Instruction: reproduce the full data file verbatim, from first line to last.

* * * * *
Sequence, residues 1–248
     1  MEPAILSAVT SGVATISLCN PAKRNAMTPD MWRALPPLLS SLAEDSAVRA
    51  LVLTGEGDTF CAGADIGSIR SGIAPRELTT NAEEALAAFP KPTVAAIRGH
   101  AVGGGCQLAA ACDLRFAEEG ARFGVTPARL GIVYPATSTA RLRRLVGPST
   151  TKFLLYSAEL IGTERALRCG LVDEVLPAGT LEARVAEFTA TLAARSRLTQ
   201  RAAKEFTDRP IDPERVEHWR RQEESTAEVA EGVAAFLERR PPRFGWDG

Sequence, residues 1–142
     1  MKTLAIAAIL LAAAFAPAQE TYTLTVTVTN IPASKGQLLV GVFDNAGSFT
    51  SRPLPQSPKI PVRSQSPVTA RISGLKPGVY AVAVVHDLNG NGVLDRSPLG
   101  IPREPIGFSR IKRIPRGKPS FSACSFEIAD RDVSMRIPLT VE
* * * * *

Sequence, residues 1–248
     1  MEPAILSAVT SGVATISLCN PAKRNAMTPD MWRALPPLLS SLAEDSAVRA
    51  LVLTGEGDTF CAGADIGSIR SGIAPRELTT NAEEALAAFP KPTVAAIRGH
   101  AVGGGCQLAA ACDLRFAEEG ARFGVTPARL GIVYPATSTA RLRRLVGPST
   151  TKFLLYSAEL IGTERALRCG LVDEVLPAGT LEARVAEFTA TLAARSRLTQ
   201  RAAKEFTDRP IDPERVEHWR RQEESTAEVA EGVAAFLERR PPRFGWDG

Sequence, residues 1–142
     1  MKTLAIAAIL LAAAFAPAQE TYTLTVTVTN IPASKGQLLV GVFDNAGSFT
    51  SRPLPQSPKI PVRSQSPVTA RISGLKPGVY AVAVVHDLNG NGVLDRSPLG
   101  IPREPIGFSR IKRIPRGKPS FSACSFEIAD RDVSMRIPLT VE